Experiment 1

In this experiment, subjects were provided study material on a given set of concepts, some were trained (via quizzes) on the individual concept definitions (internal structure) and others on the relationships among those concepts (external structure), and finally all subjects were tested on both relationships and definitions. Specifically, subjects were asked to study PowerPoint-style slides covering the logic of statistical hypothesis testing, as might be taught in an introductory undergraduate statistics course. These slides covered the following concepts: (a) the null hypothesis, (b) the alternative hypothesis, (c) alpha, (d) beta, (e) critical value, (f) test statistic, (g) type 1 error, and (h) type 2 error.

Statistical hypothesis testing was selected as the topic of study because these concepts share many rich mathematical relationships, such that the value of one concept is often a function of the values of the other concepts. For example, a higher alpha value increases the likelihood of a type 1 error but decreases the likelihood of a type 2 error. After studying, subjects were quizzed either on the concepts’ relationships to one another or on the concepts’ definitions, depending on their experimental condition. After each response, subjects were shown whether they were correct, along with the correct response. Subjects were then allowed to study the material once more. Lastly, all subjects were given a posttest, consisting of new questions that queried both definitional and relational knowledge, to assess how well the study material was learned. All materials (i.e., study slides, relational and definitional training questions, and posttest questions) used in this study are included in the Additional file 1.

Quizzing was used as a tool to examine whether emphasizing the learning of individual concepts versus emphasizing the relationships among those concepts leads to different learning outcomes. Relational and definitional quizzes were expected to make the corresponding information more salient, hence directing subjects’ attention to the relevant information during the second study stage (see McDaniel et al., 2015). One advantage of this approach is that subjects in both conditions were given identical study material, with only their focus of attention or learning strategies potentially differing. In addition, the decision to use quizzes to train subjects on either definitions or relations was motivated by the findings that retrieval practice helps subjects to better learn and retain the material that is retrieved (Carpenter, 2009; Carpenter & Yeung, 2017; Carrier & Pashler, 1992).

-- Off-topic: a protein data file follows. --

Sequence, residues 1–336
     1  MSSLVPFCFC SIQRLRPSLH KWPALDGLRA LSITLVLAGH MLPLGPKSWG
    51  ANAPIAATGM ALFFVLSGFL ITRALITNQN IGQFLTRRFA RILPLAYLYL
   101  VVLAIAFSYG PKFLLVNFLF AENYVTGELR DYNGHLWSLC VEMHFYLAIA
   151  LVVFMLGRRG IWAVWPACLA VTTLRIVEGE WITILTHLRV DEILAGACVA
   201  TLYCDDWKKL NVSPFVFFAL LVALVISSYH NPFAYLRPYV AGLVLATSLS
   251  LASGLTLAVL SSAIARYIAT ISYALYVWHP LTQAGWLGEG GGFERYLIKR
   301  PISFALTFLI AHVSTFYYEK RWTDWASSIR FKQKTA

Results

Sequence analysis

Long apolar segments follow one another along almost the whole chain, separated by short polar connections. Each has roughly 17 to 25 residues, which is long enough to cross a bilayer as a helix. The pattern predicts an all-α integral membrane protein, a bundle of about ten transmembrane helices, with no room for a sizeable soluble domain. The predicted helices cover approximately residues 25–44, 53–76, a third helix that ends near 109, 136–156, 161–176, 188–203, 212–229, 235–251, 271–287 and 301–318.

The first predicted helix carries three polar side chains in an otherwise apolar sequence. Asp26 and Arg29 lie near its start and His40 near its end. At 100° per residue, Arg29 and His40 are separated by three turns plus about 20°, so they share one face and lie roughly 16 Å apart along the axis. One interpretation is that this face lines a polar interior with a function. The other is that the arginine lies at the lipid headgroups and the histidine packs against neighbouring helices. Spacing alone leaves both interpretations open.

Extending the theoretical principles from the Introduction to the present design leads to two contrasting predictions. On the one hand, the relational training condition leverages the preference for systematicity (Gentner, 1983, 2010; Gentner & Hoyos, 2017) by highlighting the interconnections among the concepts that are being learned. One possibility is that thinking about how these concepts are related to one another (relational training) might help subjects think more deeply about the concepts and their corresponding attributes, which might facilitate comprehension of their meaning (i.e., definitions). Thus, one prediction is that subjects who receive relational training will better learn both the relationships that are shared among the to-be-learned concepts and the individual concept definitions, as compared to subjects who are trained on the concepts’ definitions.

On the other hand, an opposing prediction is that definitional training will be superior for learning both definitions and relations, because definitions are arguably more foundational to learning a conceptual system. Moreover, subjects who do not have a grasp of the individual concepts might not benefit from training on the relationships among those concepts.